Why did he decide to listen to Buffington?

“Well, he held up two fingers,” Archer said. “And he wiggled the big one and said, ‘You can live,’ and he wiggled the little one and said, ‘Or you can die.’ He said, ‘You’ve got to choose what you’re going to do.’ And that was my ‘why.’”

Archer went on a diet consisting mostly of fruits and vegetables with some chicken and fish. The first month was the hardest, he said, and it continued to be hard for the next couple of months.

Then Buffington made it harder.

“He said, ‘OK, I want you to cut out the chicken and fish,’” Archer related. “I said, ‘Oh, you’re kidding me. What am I supposed to eat?’ And he says, ‘You’ll survive.’”

He has eliminated sugar from his diet. He went from drinking five or six cans of pop a day to drinking none at all. He seldom drank alcohol but did enjoy the taste of an occasional beer, Archer said. Now, he doesn’t have any.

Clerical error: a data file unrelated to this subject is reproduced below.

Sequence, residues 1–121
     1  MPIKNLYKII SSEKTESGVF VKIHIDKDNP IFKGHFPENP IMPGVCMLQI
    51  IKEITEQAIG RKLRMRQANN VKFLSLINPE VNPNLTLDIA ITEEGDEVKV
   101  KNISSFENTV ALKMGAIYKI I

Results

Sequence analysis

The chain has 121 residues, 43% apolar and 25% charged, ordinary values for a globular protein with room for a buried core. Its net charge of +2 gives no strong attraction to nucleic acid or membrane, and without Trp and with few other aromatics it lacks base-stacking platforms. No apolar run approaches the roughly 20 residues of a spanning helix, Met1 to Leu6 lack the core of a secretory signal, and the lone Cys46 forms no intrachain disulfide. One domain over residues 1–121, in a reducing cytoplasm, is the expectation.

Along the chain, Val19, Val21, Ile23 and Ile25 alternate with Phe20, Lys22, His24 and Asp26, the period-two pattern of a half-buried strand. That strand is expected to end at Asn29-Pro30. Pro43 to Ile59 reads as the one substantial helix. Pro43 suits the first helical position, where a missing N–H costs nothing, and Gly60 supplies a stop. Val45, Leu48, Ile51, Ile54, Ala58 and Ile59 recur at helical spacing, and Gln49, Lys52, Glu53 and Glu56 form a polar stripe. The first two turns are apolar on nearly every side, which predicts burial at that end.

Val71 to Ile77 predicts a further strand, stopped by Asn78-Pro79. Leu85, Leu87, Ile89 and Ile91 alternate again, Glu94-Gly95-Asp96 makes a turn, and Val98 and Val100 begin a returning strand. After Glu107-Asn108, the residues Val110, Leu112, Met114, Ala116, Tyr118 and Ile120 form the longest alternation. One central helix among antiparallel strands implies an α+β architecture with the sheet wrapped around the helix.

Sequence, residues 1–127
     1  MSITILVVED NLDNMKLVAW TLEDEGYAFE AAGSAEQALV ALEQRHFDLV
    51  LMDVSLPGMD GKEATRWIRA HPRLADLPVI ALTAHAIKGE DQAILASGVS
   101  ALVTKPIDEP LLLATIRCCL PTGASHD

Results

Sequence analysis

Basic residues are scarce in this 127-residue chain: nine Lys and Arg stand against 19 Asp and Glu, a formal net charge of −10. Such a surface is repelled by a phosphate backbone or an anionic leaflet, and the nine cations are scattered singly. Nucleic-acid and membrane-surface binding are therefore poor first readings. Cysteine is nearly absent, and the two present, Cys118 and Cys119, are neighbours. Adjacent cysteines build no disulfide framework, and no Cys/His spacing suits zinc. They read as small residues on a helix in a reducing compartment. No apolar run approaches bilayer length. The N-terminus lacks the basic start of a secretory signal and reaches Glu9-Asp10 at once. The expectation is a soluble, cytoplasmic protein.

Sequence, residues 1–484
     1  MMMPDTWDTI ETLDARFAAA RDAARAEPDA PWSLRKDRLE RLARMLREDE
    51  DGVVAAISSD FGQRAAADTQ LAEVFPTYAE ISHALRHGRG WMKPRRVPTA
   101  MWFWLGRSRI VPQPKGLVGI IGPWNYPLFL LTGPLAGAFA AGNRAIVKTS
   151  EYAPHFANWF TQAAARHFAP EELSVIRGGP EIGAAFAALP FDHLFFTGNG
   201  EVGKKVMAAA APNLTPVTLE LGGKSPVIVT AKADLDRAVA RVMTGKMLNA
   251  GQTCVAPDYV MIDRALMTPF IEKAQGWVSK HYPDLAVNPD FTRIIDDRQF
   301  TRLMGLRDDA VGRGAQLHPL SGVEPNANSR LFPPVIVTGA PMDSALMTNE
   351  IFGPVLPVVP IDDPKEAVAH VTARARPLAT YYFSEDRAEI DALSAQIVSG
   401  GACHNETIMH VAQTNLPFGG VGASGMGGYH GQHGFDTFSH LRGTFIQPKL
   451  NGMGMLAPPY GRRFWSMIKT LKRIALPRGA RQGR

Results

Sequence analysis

A well-known figure who is outspoken about the difference lifestyle changes have made for him, Archer has become something of an unofficial counselor himself. He told of someone he encountered at the gym who asked him: “If I stop eating sugar, will I survive?” “And I’m like, ‘You’ll do way better.’”

The other man joined Weight Watchers and has lost 16 pounds, Archer said.

Getting more people to buy in may require policy changes, Buffington said. He noted that smoking dropped when taxes went up and laws were passed banning smoking in some areas.

“I don’t think it’s going to be the health care that really changes people’s behaviors,” he said. “We’re the educators. We should be part of the drivers. But it’s going to be the health (workers) helping drive policy that’s really going to hopefully change behaviors a little bit.”

Lifestyle medicine is offered at the Essentia Health Wellness Clinic-Hermantown, 4289 Ugstad Road. Hours are 7:30 a.m. to 4:30 p.m. Monday through Friday. Make an appointment by calling 218-786-3100.